Matagi are traditional hunters living in small villages and settlements in the highlands of northern Honshu, the main island of Japan. From its origins, back in the middle of the XVI century, they have made a living by selling meat, skins and other products derived from the hunting. Its main prey is the Japanese black bear, a subspecies classified as vulnerable and threatened according to the International Union for Conservation of Nature (IUCN).
Nevertheless, the matagi never face hunting as a recreational or sporting activity. They only capture what is necessary for regulated sale and self-consumption, or for the purpose of protecting rural and agricultural settlements from wild animals. Although they have evolved in many ways, they still retain several ideals and beliefs inherited from their ancestors. These communities recognize nature as a conscious presence that sustains them, but expects responsible behavior in return. Matagi believe that they can hunt because the Mountain Deity (Yama-no-Kami) allows it, and therefore, hunting is carried out with a sense of utmost reverence and respect for the natural balance.
Following the Fukushima incidents in 2011, the State banned many matagi communities from marketing bear meat, mostly in the prefectures of Gunma, Tochigi and Fukushima itself, because of the high risk of being intoxicated by radiation. Recently the Japanese authorities lifted the veto, and the matagi have been able to resume what has been their main economic activity for centuries.
In the context of a highly globalized, industrialized and metropolized Japan in the midst of the 21st century, matagi face a more than likely extinction of their cultural heritage. The global aging of the Japanese population, legal and regulatory limitations on hunting, and attachment to values that no longer germinate among the younger generations – who migrate massively from the rural to the urban environment – are some of the main reasons that leave these hunters without much hope of preserving their legacy.
There is a true lack of knowledge about the matagi even within the Japanese country, and almost no documented record of this group has transcended its own borders. The matagi are a very reserved community, reluctant to share with strangers their habits and traditions. However, after living and bonding with them I was allowed to ascend the mountain to witness and document their hunting expeditions, something really unusual and unprecedented due to the fact that they are carried out in their most sacred environment.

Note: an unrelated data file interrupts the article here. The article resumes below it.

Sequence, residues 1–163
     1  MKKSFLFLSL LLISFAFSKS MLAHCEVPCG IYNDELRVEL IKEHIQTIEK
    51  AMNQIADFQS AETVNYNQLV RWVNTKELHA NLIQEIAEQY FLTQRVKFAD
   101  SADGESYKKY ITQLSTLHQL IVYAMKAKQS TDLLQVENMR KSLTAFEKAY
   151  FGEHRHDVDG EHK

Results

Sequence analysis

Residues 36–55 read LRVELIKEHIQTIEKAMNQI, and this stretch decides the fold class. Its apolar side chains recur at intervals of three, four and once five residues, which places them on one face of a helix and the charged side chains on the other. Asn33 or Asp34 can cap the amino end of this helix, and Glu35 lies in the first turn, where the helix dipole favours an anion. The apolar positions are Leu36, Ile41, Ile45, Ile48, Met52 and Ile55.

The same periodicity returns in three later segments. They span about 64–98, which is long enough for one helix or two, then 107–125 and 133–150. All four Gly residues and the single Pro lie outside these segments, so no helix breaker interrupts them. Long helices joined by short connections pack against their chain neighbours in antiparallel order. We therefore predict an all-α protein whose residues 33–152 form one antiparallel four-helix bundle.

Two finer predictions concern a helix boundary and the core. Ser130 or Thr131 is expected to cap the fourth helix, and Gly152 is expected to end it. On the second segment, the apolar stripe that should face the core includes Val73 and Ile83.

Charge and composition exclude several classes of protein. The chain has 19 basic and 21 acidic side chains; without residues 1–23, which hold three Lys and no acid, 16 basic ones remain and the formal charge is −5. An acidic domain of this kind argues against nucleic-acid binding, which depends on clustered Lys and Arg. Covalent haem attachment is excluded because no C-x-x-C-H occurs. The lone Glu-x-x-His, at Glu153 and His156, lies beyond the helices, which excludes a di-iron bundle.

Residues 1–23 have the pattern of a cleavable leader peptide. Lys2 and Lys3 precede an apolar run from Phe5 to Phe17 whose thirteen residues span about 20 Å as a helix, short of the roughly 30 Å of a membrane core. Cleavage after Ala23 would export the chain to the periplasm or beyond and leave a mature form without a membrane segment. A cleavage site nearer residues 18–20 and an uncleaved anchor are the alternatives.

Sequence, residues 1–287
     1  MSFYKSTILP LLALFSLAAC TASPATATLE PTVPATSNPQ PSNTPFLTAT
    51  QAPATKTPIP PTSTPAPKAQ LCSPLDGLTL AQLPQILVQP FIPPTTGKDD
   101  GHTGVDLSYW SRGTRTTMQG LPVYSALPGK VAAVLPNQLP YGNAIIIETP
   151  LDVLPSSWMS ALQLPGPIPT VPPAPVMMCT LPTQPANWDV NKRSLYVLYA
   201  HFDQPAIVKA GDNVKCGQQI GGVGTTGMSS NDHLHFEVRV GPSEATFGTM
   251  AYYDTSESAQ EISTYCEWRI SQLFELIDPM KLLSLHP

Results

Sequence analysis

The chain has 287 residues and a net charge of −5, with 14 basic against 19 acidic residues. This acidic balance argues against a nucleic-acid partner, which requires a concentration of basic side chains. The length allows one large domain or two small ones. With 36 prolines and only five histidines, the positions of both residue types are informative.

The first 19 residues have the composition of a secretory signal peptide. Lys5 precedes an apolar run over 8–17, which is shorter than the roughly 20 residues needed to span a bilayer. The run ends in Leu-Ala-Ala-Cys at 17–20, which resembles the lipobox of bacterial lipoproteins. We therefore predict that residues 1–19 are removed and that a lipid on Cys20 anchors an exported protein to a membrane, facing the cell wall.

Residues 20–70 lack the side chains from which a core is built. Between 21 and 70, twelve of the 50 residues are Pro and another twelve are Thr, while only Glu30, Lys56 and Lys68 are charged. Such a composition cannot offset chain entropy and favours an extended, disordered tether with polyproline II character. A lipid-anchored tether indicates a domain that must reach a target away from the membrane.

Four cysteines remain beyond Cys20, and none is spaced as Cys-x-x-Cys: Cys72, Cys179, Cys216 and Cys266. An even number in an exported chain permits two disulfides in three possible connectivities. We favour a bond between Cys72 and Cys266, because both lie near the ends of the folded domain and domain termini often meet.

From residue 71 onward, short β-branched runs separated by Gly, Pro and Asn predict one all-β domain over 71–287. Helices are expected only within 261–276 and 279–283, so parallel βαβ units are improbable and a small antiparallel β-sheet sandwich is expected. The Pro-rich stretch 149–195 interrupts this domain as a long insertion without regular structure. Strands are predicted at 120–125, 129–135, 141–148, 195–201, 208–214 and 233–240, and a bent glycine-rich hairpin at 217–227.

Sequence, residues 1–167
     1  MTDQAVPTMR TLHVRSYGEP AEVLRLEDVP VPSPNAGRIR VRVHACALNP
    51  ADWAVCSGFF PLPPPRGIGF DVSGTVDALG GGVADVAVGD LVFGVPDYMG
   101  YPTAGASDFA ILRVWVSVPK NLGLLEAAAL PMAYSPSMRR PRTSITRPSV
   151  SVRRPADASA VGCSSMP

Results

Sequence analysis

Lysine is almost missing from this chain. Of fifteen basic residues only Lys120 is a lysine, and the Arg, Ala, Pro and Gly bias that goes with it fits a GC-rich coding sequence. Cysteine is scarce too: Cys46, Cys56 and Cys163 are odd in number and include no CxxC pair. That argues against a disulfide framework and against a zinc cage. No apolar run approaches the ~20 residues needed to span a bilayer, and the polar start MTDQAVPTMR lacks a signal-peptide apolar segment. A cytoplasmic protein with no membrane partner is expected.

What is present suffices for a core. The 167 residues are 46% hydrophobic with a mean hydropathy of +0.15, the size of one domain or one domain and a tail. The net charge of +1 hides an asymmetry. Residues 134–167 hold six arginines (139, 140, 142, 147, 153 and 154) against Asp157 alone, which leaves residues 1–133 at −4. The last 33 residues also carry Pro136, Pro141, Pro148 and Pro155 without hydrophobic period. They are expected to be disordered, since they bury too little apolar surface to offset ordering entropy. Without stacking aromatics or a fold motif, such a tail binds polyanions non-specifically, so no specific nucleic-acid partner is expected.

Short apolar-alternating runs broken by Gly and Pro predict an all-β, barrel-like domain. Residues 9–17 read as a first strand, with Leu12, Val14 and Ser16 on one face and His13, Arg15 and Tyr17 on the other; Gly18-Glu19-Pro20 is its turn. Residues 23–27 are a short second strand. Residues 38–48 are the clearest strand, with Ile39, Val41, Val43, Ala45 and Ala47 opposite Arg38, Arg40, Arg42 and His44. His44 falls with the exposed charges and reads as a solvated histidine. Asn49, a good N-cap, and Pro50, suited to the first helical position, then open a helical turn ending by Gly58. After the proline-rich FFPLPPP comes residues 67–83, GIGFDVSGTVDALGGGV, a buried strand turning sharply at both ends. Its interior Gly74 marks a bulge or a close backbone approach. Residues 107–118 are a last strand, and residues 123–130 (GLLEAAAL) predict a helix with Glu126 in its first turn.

In this project I address, through the cultural redoubt which is the matagi, how the traces of the most traditional Japan survive in hunting; an activity as primary to the human being as controversial in our times.
Javier Corso (1989) is a photographer, founder and director at OAK stories (documentary agency). His photographic work originates from the need to communicate about aspects of the human condition through means of local, smaller-scale stories.
Corso began working as a documentary photographer in 2011, publishing in media like AlJazeera, TIME Lightbox, GEO magazine, MO, Il Reportage, VICE, PAPEL (El Mundo), El País, 7K magazine or Revista 5W. Among the cultural centers that have hosted and exhibited his projects, the following stand out; The Cervantes Institute in New York, the Florida Museum of Photographic Arts and the International PHOTON Festival.
His documentary work has been recognized by the International PHOTON Festival (winner grant), Px3 – Prix de la Photographie Paris (bronze medal), Moscow International Foto Awards (third place) International Photography Awards (honorable mentions) and as a finalist of other contests such the World Reporter Award / European Photographer, the Contemporary African Photography Prize, the Siena International Photography Awards and the Balkan Photo Awards, among others.